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Maybe you already follow sustainable living without calling it that? If I remember right you are retired, LBYMs in a condo in in a walkable urban area and do not have a car. Maybe you're our poster boy for sustainable living without realizing it.
It must be wonderful to have the option to live in a walkable urban area and work only 40 hrs/wk. In theory life can be wonderful if you can live where you want, do what you want and have someone pay you what you want.

It takes me back to my younger days just out of college. I met a girl that was disgusted that I was an engineer that worked for those horrible companies that polluted the world. I asked her what she did. She said she worked for insurance company X. My answer was we have a policy with her company for our operations. She didn't seem to see the irony.
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Old 01-10-2015, 07:52 PM   #93
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I woman I know fought with her father incessantly in the 70s, because he was a "horrible" avionics engineer working for one of the very black war companies of that era.

It is embarrassing to look back on some of our passionately held stances. I never felt much real passion about this sort of thing. I felt it was basically impossible to know where right lay. Nevertheless I managed to embarrass myself frequently. My most embarrassing memories involving my Father were how stupid and narrowly informed I was, yet that never kept me from a narcissistic certainty that I was right. Other blushing memories involve how totally moronic I was about women. Likely still am, but I am better at trying to keep it undercover.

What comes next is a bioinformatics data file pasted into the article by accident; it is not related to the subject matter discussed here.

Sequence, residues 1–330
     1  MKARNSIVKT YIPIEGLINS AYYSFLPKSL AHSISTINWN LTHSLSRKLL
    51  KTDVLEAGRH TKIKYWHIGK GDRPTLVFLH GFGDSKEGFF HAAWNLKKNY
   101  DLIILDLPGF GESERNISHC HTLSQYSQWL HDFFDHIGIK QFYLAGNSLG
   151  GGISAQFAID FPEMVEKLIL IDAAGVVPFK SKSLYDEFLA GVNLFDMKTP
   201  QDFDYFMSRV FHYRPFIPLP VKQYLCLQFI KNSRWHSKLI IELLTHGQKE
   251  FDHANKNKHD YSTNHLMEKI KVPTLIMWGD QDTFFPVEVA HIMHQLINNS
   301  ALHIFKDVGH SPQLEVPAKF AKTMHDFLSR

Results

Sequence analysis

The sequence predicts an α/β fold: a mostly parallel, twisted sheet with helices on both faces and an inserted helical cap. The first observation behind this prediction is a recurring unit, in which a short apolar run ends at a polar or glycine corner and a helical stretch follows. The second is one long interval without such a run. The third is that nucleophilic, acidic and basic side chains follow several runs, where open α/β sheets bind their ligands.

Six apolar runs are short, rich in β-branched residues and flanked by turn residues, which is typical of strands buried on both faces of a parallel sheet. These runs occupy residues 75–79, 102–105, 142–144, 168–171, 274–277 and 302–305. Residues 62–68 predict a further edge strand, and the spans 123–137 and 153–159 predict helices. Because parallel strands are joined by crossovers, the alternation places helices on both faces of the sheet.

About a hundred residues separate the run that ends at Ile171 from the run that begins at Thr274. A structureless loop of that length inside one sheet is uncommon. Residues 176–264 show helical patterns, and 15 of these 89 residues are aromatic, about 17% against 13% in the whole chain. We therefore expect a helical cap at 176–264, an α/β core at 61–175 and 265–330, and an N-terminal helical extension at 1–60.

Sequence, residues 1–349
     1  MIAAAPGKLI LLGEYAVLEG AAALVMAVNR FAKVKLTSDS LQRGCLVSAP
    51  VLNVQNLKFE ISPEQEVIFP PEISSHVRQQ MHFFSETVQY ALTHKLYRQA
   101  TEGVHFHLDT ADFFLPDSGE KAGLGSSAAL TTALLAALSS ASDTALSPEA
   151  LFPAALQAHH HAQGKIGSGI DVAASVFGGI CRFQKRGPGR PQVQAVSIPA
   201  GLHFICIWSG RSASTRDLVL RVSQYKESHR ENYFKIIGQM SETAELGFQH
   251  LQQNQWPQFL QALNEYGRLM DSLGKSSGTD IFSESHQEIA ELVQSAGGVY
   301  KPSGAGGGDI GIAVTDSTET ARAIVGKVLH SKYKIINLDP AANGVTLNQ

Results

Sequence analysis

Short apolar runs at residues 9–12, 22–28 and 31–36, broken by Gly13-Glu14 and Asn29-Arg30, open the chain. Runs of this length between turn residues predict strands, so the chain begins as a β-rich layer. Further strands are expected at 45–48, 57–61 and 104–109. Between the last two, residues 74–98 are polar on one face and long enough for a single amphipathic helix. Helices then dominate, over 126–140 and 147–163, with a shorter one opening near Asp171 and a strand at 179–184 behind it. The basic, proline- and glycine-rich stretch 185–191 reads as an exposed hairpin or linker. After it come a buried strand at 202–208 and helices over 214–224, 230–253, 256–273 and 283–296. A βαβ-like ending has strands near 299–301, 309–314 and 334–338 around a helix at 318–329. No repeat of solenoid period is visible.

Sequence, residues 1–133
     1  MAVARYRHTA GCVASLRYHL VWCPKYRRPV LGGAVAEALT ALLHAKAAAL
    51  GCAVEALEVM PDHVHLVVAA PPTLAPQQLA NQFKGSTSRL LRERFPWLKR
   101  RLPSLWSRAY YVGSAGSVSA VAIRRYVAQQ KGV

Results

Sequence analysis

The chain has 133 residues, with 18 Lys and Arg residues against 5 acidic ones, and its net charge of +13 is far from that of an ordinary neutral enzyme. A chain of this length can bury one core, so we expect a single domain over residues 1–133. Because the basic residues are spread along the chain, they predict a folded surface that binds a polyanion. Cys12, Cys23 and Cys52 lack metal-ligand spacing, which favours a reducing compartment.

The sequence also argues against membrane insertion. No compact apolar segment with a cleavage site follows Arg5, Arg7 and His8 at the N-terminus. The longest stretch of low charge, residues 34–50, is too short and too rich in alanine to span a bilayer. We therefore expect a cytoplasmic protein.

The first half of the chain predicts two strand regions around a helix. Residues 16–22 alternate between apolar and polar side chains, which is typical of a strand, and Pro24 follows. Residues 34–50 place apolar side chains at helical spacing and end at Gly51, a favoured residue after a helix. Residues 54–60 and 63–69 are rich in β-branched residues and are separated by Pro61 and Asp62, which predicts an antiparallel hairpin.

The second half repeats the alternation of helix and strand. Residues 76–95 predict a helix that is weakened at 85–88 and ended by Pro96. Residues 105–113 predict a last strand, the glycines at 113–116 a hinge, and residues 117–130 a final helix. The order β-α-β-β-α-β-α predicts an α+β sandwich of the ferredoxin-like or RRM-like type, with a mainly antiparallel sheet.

Ha
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Old 01-10-2015, 09:05 PM   #94
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I just read this entire thread in one sitting and it has been a fascinating read.

All the power to the $15k per year folks, but I just don't see it.

My little example: I'm fastidious about home maintenance. I knew I had a new roof coming in the next few years, and have a $4k budget for it. But despite my fastidiousness, a few leaks escaped my attention and now I have huge rot up there. What was a standard reshingle will now include decking and will probably be $6k or more, depending if mold or other issues are found.

I'd be killed on a 15 to 25k budget. I just don't see how to deal with this.

Oh wait. No, I get it. I should be shaving chips off the downed trees in my back yard, binding them with resin from my pine trees, and pressing them in my own home-made 4x8 forms to create my own free OSB. I can then haul these up the 3 story ladder and do it myself. I suppose I should also work on recycling my old newspapers into shingles?

BTW, how do you strain glass from peanut butter?
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Old 01-10-2015, 09:07 PM   #95
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BTW, how do you strain glass from peanut butter?
Very carefully...
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Old 01-17-2015, 07:36 AM   #96
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You’ll Never Believe How Much the MMM Family Spent This Year…

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As we do once every year, Mrs. MM and I have spent the day nervously tallying the sinful blizzard of excessive spending that we have been committing over the past twelve months.
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Old 01-17-2015, 08:06 AM   #97
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Am a little surprised that there have been no other references to ERE. I enjoy it becused it zeroes in on the philosophy of living in today's world going beyond money and personal interests, to how we fit in.
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Old 01-17-2015, 08:58 AM   #98
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Am a little surprised that there have been no other references to ERE. I enjoy it becused it zeroes in on the philosophy of living in today's world going beyond money and personal interests, to how we fit in.
ERE was interesting until Jacob ditched his RV and took a 6 figure job as a quant. He then started reposting articles from years back instead of coming up with new content.
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Old 01-17-2015, 05:43 PM   #99